The Federal Government disclosed on Monday that the country lost 4.5 trillion barrels of oil to thieves in four years even as it suffered 4,919 oil spills between 2015 to March 2021.
The Minister of Environment, Dr Mohammad Abubakar, made this disclosure during a Town Hall meeting organised by the Ministry of Information and Culture on protecting oil and gas infrastructure in Abuja.
According to the minister, statistical data collated by the National Oil Spill Detection Agency (NOSDRA) on the incidents indicated that the total number of oil spills recorded during the review period totaled 4,919.
He clarified: “The number of oil spills cost by collation is 308. The operational maintenance is 106, while sabotage is 3,628 and yet to be determined 70, giving the total number of oil spills on the environment to 235,206 barrels of oil. This is very colossal to the environment.
“Nigeria also lost approximately 4.75 trillion on oil activities in the four years between 2015 and 2018, as estimated by the Nigeria Natural Resources Charter. Several statistics have emphasized Nigeria as the most notorious country in the world for oil spills, loosing roughly 400,000 barrels per day.
“The second country is followed by Mexico that has reported only 5,000 to 10,000 barrel only per day, thus a difference of about 3, 900 per cent. Now the environmental effect, which is the major concern of the ministry of environment, is in the loss of revenue.
“Attack on oil facilities has become the innovation that replaced agitations in the Niger Delta region against perceived poor governance and neglect of the area. The impacts of vandalism of oil facilities have not only caused pollution of the environment, but had consequences on the local people, the national economy and security”, the minister added.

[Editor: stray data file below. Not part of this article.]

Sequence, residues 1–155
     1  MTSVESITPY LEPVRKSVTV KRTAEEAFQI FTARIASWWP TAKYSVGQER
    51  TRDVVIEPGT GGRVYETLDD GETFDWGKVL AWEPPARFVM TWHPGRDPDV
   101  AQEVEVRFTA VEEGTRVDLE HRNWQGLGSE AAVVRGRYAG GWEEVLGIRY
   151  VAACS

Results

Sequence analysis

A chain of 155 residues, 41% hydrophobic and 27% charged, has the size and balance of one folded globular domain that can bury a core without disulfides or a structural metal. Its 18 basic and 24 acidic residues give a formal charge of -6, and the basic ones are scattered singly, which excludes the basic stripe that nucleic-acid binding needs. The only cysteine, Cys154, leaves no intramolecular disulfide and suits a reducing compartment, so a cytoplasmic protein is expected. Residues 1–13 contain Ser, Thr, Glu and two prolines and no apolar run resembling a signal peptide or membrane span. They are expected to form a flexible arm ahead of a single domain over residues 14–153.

Lamenting that the activities that come with oil exploration and exploitation had similarly caused alterations to the environment with far-reaching negative implications for lives and fauna, Abubakar said that government had taken various mitigation measures, including enforcement of relevant laws, regulations and guidelines, such as the Environmental Impact Assessment (EIA) Act, to mitigate the degradation of the environment.
The minister further explained that the EIA process ensured that measures were put in place to assist in the reduction of the negative effects and enhancement of the positive effects on the ecology, health and social wellbeing of communities in project areas.
Specifically, he disclosed that over 1,300 oil and gas projects in Nigeria had been subjected to EIA process under the supervision of the ministry of Environment.
Abubakar also hinted that ministry held periodic interactive sessions with oil and gas operators on matters relating to the continued degradation of the environment, fatalities and loss of revenue, attributable to the regular and incessant vandalism of oil facilities, particularly pipelines.
Reflecting on the effects of the destruction of oil and gas facilities, the minister explained that the damages had caused huge economic losses from pipelines to plant shut downs, loss of biodiversity, habitat and ecological damage, degradation of soil quality which drastically reduces soil fertility, thereby negatively affecting crop yields and food security.
In addition, he listed other negative impacts of oil and gas facilities’ damages as including, increase in air pollution and the attendant climate change issues, public health impacts on affected communities, social impacts and loss of livelihood, supremacy among militants, casualties, among others..
On the best way to tackle oil facilities damage menace, Abubakar canvassed the need for improved awareness creation on the negative consequences of vandalism of oil facilities and other illegal activities for the environment, lives, fauna and the nation’s economy.